Aberdeen Scientists Fight the Flab

Aberdeen Scientists Fight the Flab

Combating the increasing tide of obesity in the UK is the challenge facing a multi-disciplinary group of scientists from throughout Aberdeen.

Colleagues from the University of Aberdeen, Rowett Research Institute and Grampian University Hospitals NHS Trust have formed ACERO, the Aberdeen Centre for Energy Regulation and Obesity. ACERO involves some 50 scientists and support staff, all working on obesity and related phenomena.

Recent studies have shown that the prevalence of obesity is increasing enormously in the UK, with more than 40% of the UK population currently overweight or obese. Unless serious action is taken now, the UK will find itself in the same situation as the USA where more than half the adult population is overweight. This has resulted in an enormous strain on the US health service where over $99 billion is spent annually on health problems directly linked to the disease.

John Speakman, Professor of Zoology at the University of Aberdeen and founder Chairman of ACERO said: “Peoples’ attitudes to obesity are changing as we find out much more about its underlying causes.

“It is clear that the failure of some people to regulate their body weight is not just a matter of people overeating or being lazy. It is also a problem with their physiology which might have many causes. This new group of scientists collaborating across institutional boundaries is set to make a significant impact on our understanding of this problem, leading to breakthroughs which will aid in its treatment.”

Obesity is associated with increases in Type II diabetes, hypertension, high blood pressure and cardiovascular disease and other disorders. As a result, it has considerable public health significance as well as economic repercussions. In 1997, the World Health Organization officially declared the obesity epidemic to be one of the most serious health problems facing mankind.

Current ACERO Chairman, Professor Paul Trayhurn of the Rowett Research Institute, added: “Obesity is a problem of energy imbalance which appears to have a combination of cultural, environmental and genetic causes.

“There has been a long standing interest in the Aberdeen area in the study of energy regulation and energy balance at many different levels of study, from molecular and neurophysiological to motivational investigations of food choice in man.

“ACERO is an excellent example of the strength in depth of life sciences expertise based in Aberdeen. This depth and range of excellence is one of the reasons why Aberdeen was successful in its bid to host the Scottish arm of the Food Standards Agency.”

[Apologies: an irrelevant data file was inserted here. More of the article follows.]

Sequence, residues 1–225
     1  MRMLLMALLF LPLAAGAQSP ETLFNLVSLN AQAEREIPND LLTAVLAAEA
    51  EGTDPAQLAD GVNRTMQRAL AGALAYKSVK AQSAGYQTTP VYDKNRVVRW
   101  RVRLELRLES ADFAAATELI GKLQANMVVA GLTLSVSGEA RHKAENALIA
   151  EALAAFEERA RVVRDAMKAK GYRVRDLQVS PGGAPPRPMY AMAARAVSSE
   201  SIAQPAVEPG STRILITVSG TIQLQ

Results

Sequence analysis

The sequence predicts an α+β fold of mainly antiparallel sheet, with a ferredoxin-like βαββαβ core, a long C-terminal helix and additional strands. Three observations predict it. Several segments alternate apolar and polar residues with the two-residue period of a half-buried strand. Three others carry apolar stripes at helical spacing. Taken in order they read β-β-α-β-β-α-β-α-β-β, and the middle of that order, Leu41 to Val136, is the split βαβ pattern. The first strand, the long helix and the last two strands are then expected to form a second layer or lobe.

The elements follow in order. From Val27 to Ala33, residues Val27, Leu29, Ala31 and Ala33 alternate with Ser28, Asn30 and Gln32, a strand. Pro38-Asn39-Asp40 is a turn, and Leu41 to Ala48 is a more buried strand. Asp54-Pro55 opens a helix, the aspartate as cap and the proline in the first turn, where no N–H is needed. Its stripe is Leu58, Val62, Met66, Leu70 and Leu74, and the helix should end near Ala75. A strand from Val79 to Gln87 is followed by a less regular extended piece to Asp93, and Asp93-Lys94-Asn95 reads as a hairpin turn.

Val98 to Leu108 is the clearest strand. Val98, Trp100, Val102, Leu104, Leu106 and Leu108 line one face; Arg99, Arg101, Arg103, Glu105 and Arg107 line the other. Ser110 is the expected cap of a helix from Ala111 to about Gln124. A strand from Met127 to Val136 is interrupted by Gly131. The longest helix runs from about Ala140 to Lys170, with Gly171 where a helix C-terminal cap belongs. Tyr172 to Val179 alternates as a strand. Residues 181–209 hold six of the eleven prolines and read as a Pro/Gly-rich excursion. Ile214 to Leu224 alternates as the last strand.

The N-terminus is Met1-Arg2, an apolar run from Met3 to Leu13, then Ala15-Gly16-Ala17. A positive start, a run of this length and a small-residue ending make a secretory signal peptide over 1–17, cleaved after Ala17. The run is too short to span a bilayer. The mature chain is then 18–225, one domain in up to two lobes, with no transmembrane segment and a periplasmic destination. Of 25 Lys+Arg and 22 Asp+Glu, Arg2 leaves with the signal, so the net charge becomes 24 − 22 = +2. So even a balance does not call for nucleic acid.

Members of the ACERO team have already been successful in attracting grant support. One of the main driving forces behind ACERO’s formation, Professor Morgan, Director of the Rowett Research Institute, explained: “My group at the Rowett, together with Professor Speakman’s group at the University, has already attracted a grant of £176,000 from the Biotechnology and Biological Services Research Council to study body weight in seasonal animals.

“It is this ability to bring together complementary expertise which will allow ACERO to move our knowledge about obesity and its causes forward.”

Professor Speakman added: “Many small animals change body fatness in response to day length changes. If we can find out why this happens, then we might be able to evaluate the sorts of physiological problems that might underpin difficulties which obese people have in regulating their body weight.

“One popular idea is the “thrifty genotype” hypothesis which suggests the people who are prone to obesity have been favoured by natural selection in the past because they are efficient in storing fat. It is only when faced with a western diet high in fat that the “thrifty genes” start to cause problems because they are too efficient and lead to massive increases in body weight.

“But what are the thrifty genes and what are the efficiencies they produce? By looking at a wild animal that is presumably under the same pressures which produced the “thrifty genes” in human, we can start to unlock the nature of the efficiencies they produce.”

A second grant to the value of £400,000 has been awarded to Dr Iain Broom, Consultant in Clinical Biochemistry and Metabolic Medicine, by the international pharmaceutical company, Roche. Running for 5 years, the grant is part of a national scheme involving six centres around the UK.

Dr Broom explained: “We intend to develop both a primary care base for obesity treatment and clinical care pathways for treatment.

“The work will be based around secondary care centres of excellence. We will develop a “hub and spoke” system of care, monitoring the effects on practice prevalence of obesity; prevalence of related diseases such as diabetes, hypertension, cardiac failure; as well as drug usage for treatment of these conditions.”

When the project begins in Aberdeen in February 2000, Dr. Broom and his team will provide specialist input and training to 10 selected practices, comparing results which another 10 practices not receiving this additional support. The practices involved are from across the Grampian and Highland regions will local project boards will be sent up to manage the project. This will include GPs and practice nurses.

The other 5 UK centres are in Glasgow, Leeds, Luton, Bedford and Birmingham.

Photocall: Obesity Clinic (part of the Diabetes Clinic), Woolmanhill at 1.45pm on Wednesday 19 January [entry opposite the HM Theatre rear carpark]. Patients at the Clinic will be available for interview. Please use the Denburn Carpark.

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